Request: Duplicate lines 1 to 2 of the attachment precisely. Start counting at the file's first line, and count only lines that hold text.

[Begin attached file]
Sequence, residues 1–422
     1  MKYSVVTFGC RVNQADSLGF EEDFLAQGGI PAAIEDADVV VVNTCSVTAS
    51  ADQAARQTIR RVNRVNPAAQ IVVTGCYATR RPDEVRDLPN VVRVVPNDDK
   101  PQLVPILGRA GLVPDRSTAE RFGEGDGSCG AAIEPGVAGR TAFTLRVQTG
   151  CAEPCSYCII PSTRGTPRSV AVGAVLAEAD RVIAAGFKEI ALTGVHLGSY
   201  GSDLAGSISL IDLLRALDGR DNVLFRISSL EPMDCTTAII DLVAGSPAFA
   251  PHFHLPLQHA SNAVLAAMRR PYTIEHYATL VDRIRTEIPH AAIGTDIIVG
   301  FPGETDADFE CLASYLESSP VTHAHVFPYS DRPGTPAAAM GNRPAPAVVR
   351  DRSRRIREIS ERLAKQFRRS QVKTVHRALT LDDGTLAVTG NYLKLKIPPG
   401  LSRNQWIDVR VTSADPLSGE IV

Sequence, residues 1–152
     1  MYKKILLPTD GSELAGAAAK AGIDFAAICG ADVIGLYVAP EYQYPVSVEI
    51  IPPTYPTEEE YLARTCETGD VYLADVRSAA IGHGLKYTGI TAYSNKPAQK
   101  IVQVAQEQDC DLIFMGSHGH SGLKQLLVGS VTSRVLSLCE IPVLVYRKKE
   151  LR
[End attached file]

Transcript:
Sequence, residues 1–422
     1  MKYSVVTFGC RVNQADSLGF EEDFLAQGGI PAAIEDADVV VVNTCSVTAS